`f` Filters a list by a Python lambda expression. `[4,5,6] "x:x>4" f` becomes `[5,6]`.
`l` Gets the length of the top string/list. `"This?" l` becomes `5`.
`j` Joins top list/stack if not list by delimiter. `[3,4,5] "-" j` becomes `"3-4-5"`.
`C` Compresses a string via zlib. `"Hello" C` becomes `"[cmpressed]"`.
`D` Decompresses a string via zlib. `"[cmpressed]"` becomes `"Hello"`.
`b` If a string, encode to Base64. Otherwise, base conversion. `10 2 b` becomes `1010`, `"Hello" b` becomes `"SGVsbG8="`.
`B` Decode a Base64 string. `"SGVsbG8=" B` becomes `"Hello"`.
`Q` Replace a sequence in string with new sequence. `"Hello" "l" "yes" Q` becomes `"Heyesyeso"`.
`o` Performs run-length encoding on the top element. `"aaabbc" o` becomes `[[3,'a'],[2,'b'],[1,'c']]`.
`O` Undoes run-length encoding using the top element. `[[3,'a'],[2,'b'],[1,'c']] O` becomes `"aaabbc"`.
`\$` Sorts the top element. `[3,1,5,4,2] \$` becomes `[1,2,3,4,5]`.
`c` Convert a string or char list to list of ASCII values. `"abc" c` becomes `[97,98,99]`.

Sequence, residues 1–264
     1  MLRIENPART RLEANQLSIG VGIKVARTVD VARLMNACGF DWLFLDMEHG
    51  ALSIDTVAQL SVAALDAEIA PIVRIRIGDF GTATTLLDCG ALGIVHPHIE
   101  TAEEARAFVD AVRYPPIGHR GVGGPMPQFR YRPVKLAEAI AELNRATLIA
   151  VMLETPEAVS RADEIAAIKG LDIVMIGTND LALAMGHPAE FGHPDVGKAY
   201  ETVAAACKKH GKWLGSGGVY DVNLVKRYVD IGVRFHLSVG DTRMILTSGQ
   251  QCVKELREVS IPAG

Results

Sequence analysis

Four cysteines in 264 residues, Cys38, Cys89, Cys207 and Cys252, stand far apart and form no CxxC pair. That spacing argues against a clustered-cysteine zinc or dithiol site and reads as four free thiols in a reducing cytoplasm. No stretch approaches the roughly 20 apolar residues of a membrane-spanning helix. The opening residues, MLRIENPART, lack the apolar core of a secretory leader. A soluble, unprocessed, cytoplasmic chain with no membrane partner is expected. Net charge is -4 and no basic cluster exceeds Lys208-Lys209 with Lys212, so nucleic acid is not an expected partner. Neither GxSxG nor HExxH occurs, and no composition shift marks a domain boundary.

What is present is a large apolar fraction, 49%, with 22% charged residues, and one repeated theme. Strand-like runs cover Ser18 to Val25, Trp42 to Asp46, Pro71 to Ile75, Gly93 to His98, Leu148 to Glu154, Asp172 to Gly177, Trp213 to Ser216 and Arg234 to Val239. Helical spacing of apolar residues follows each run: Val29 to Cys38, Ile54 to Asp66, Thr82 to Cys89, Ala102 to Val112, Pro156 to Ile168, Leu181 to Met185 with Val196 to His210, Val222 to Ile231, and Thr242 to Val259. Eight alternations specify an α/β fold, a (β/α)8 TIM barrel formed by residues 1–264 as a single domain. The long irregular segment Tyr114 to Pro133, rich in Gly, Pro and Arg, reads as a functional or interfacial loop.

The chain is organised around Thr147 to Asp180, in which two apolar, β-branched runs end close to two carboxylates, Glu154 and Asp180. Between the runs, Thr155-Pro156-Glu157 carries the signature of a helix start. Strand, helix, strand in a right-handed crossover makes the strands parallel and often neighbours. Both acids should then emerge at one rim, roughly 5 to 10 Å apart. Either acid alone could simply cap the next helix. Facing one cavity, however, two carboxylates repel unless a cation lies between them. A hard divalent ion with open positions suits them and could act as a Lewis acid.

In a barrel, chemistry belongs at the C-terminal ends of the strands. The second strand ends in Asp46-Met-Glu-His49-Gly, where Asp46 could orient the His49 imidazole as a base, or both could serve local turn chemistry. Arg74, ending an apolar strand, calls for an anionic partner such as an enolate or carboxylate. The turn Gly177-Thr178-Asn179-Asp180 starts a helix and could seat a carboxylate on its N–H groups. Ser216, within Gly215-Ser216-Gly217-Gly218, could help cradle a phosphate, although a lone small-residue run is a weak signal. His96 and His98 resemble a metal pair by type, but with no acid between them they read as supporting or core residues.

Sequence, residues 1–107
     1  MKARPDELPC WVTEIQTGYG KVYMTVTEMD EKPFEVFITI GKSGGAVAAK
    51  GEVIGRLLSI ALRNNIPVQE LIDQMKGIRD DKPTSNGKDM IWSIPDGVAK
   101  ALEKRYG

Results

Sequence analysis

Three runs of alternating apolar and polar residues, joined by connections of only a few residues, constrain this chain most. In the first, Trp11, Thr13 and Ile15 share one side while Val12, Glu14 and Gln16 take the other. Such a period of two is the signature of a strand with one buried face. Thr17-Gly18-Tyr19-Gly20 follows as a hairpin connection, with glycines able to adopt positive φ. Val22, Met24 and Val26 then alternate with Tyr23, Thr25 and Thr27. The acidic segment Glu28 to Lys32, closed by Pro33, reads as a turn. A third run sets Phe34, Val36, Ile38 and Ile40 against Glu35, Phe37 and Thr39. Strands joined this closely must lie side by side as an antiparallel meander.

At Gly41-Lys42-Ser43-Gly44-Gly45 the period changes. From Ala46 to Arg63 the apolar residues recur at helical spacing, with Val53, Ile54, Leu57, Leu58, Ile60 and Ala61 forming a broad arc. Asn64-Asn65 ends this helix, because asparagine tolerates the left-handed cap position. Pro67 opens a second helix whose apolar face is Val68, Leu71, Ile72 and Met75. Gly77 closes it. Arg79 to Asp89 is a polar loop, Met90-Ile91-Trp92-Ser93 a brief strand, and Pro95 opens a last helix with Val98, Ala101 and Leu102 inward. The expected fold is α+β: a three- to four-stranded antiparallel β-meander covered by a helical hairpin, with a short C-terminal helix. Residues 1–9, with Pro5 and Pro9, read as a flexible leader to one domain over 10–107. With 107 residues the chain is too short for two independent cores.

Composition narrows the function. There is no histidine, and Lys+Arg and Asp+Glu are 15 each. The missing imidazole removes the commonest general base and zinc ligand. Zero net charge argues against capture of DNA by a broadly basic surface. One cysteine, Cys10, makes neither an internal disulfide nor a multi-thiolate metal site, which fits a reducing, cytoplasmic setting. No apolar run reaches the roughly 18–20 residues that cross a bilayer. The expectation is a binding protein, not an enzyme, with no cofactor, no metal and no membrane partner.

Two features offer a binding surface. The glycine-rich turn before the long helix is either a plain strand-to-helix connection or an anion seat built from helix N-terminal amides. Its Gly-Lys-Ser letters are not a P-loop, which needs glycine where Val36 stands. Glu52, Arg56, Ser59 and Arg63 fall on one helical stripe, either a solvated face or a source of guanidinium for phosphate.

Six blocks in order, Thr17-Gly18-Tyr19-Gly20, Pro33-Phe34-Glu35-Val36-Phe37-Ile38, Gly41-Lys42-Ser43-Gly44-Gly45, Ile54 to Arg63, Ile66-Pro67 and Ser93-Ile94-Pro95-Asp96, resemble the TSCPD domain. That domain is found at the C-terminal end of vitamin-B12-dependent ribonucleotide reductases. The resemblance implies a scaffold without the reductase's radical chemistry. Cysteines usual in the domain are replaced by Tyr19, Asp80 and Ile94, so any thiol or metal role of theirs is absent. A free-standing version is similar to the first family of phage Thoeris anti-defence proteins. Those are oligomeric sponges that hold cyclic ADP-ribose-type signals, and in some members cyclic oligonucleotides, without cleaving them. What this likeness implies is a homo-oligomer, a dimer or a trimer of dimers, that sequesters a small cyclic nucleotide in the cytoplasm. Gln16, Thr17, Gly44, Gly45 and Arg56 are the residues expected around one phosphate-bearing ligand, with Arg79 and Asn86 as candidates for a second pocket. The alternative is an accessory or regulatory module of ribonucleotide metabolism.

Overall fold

`d` Convert a list of ASCII values to a string. `[97,98,99] d` becomes `"abc"`.
`T` Transposes the top element. `[[1,2,3],[4,5,6]] T` becomes `[[1,4],[2,5],[3,6]]`.
`&` Gets an index off the stack, returns element in list. `[1,2,3] 2 &` becomes `3`.
`I` Gets item off the stack, returns its index in list. `["a","b","c"] 'c I` becomes `2`.
`U` Removes all falsy elements from list. `[1,2,0,"a","",[1,2],[],True,False]` becomes `[1,2,"a",[1,2],True]`.

* - The delimiter in this case is the | character.

Stuck SciPy

Command Function Example
`İ` Calculate the inverse of a matrix on the top of the stack. `[[1,2],[3,4]] İ` becomes `[[-2,1],[1.5,-0.5]]`.*
`Ɗ` Calculate the determinant of a matrix on the top of the stack. `[[1,2],[3,4]] Ɗ` becomes `-2.0`.

* - Note that there may be rounding errors in this calculation (-1.9999999999999996 instead of -2).

## Examples

### Hello, World!

`"Hello, World!"`

Alternatively, a zero-byte solution will also print this.

### First 100 primes

`100R_"v":z"x:x[1]"f"0&":`

or

`100R"_v;0?":"x:x"f`

or

`100R"_v;0?":U`

### First 5 tetrahedral numbers

`5R"__1+;2+Π6/p":`